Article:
‘Hidden Figures’ A Great Film About Real Heroes


I finally found a movie that moved me and that I could also enjoy: Hidden Figures. It is a historical movie tracing three women who played a major role in our early space program while facing intense discrimination both because they were black and because they were women. But unlike many productions in this vein, there are no gimmicks, no “special feel-good” additions.

It is a movie that celebrates America while closely examining an era that was terribly discriminatory. It does not excuse the discrimination in any way; it clearly shows the extra hurdles that the central characters faced. But it is because of women like the ones at the center of the film that we have progressed as we have.

The movie is based on a book of the same name by Margot Lee Shetterly. Three talented women, mathematician Katherine Johnson (Taraji P. Henson), engineer Mary Jackson (Janelle Monáe) and computer supervisor Dorothy Vaughan (Octavia Spencer), work for NASA at the Langley Research Center in Virginia. The facility is segregated (separate bathrooms and drinking fountains for people of different races), and it is the white men who run the show. All three women are held back, perhaps as much by sexism as racism. Kirsten Dunst, a manager there, said: “That’s NASA for you. Fast with rocket ships, slow with advancement.”

Johnson, a math genius, works as a “computer,” people who did the math calculations required for getting our spaceship into orbit. America had fallen behind in the space race and we were trying to lift astronaut John Glenn (Glen Powell) into space for his ride. The mathematics required, based on calculus (happily, the film spends very little time explaining this) had to be done by people since computers were only just coming into their own. The introduction of a giant computer was traumatic for the human math specialists. Ironically, our smartphones have more power than those old, giant machines.

Although Johnson is at the center of things, the two other women also deal with racism. Jackson, who eventually became NASA’s first black female engineer, finds all sort of bureaucratic hurdles to being a certified engineer. When someone paternalistically downgrades her, she points out that if she were a white man she would already be an engineer. Vaughan, passed over constantly for promotion, also has to worry about the impact of computers on her work. She eventually became NASA’s first African-American manager.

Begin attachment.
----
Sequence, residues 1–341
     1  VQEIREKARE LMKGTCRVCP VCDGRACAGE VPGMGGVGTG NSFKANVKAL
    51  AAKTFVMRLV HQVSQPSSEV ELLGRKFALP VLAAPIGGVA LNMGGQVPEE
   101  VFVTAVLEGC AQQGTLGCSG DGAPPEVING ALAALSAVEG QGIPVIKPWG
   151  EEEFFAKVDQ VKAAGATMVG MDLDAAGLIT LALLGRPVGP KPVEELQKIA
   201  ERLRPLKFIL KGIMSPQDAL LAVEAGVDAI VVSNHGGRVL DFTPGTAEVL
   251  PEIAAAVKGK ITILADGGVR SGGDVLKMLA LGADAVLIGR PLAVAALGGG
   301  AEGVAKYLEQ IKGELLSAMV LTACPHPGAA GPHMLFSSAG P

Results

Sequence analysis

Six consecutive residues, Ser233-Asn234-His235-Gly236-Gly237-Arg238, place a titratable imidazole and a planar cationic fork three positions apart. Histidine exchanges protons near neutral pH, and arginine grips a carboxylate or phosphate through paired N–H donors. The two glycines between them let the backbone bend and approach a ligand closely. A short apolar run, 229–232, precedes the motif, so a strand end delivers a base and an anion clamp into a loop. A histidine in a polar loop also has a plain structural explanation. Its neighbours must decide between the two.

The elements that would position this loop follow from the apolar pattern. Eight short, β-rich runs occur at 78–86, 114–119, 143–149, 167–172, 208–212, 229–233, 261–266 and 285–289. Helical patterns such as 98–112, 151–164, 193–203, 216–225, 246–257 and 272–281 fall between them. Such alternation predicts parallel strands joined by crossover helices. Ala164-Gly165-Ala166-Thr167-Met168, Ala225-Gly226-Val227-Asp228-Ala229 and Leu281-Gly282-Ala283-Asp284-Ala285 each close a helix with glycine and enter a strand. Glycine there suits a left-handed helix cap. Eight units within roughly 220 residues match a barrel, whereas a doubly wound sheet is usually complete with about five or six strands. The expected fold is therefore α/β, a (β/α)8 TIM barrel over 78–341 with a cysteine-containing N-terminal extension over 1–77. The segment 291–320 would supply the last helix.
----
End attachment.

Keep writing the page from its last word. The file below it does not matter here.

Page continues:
The movie, directed by Theodore Melfi, does not attempt to turn them into superwomen. They live more or less normal lives. They know that as they break down barriers, they are helping others who follow them. They are real people. They support each other; if one works late, the others wait for her in the parking lot to drive home together.

And they do have home lives; this is not just the story of a few geniuses. While there can be some jealousy, for example over Johnson’s being moved up, the other women recognize that they are affected by each other’s progress. Dorothy, most at risk, sticks her neck out for her workers, most of whom are not black or women.

If this sounds like one of those sad movies about overcoming hurdles, it is not that at all. The script by Melfi and Allison Schroeder focuses mainly on the three remarkable women and their rise in status.

The performances are excellent as well. The three lead actresses are really good. Without major crises to face, they become “regular people,” ones we really like. The audience was clearly rooting for them with cheers for their best moments. Kevin Costner was good as Johnson’s sympathetic boss. I particularly liked Mahershala Ali as Johnson’s supportive husband. Powell as John Glenn was also quite winning.

Another bonus for the film: It has a really good soundtrack by Pharrell Williams, Hans Zimmer and Benjamin Wallfisch. That and a nice dose of humor keep things moving well.

I really liked the movie. While it did tweak things a bit to improve the drama, it was close to the facts as told in the book. I much prefer seeing films about real heroes instead of fake superheroes. This is a good movie. I highly recommend it.